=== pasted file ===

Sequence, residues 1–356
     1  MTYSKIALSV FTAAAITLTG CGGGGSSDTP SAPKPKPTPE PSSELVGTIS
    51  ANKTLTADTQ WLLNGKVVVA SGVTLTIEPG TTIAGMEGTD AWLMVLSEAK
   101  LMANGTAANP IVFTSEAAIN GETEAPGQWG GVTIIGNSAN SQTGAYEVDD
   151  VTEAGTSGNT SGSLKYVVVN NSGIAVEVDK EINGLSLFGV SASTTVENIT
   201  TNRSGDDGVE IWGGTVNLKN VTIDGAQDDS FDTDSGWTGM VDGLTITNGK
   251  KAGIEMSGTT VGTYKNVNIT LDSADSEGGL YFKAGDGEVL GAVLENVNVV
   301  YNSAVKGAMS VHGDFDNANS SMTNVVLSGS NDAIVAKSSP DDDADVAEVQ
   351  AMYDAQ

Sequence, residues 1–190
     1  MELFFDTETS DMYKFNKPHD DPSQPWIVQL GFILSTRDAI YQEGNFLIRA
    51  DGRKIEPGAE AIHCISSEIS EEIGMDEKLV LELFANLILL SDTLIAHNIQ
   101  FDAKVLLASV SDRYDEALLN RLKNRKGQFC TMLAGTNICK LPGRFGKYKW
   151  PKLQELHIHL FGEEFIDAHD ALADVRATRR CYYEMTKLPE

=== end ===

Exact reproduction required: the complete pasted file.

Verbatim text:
Sequence, residues 1–356
     1  MTYSKIALSV FTAAAITLTG CGGGGSSDTP SAPKPKPTPE PSSELVGTIS
    51  ANKTLTADTQ WLLNGKVVVA SGVTLTIEPG TTIAGMEGTD AWLMVLSEAK
   101  LMANGTAANP IVFTSEAAIN GETEAPGQWG GVTIIGNSAN SQTGAYEVDD
   151  VTEAGTSGNT SGSLKYVVVN NSGIAVEVDK EINGLSLFGV SASTTVENIT
   201  TNRSGDDGVE IWGGTVNLKN VTIDGAQDDS FDTDSGWTGM VDGLTITNGK
   251  KAGIEMSGTT VGTYKNVNIT LDSADSEGGL YFKAGDGEVL GAVLENVNVV
   301  YNSAVKGAMS VHGDFDNANS SMTNVVLSGS NDAIVAKSSP DDDADVAEVQ
   351  AMYDAQ

Sequence, residues 1–190
     1  MELFFDTETS DMYKFNKPHD DPSQPWIVQL GFILSTRDAI YQEGNFLIRA
    51  DGRKIEPGAE AIHCISSEIS EEIGMDEKLV LELFANLILL SDTLIAHNIQ
   101  FDAKVLLASV SDRYDEALLN RLKNRKGQFC TMLAGTNICK LPGRFGKYKW
   151  PKLQELHIHL FGEEFIDAHD ALADVRATRR CYYEMTKLPE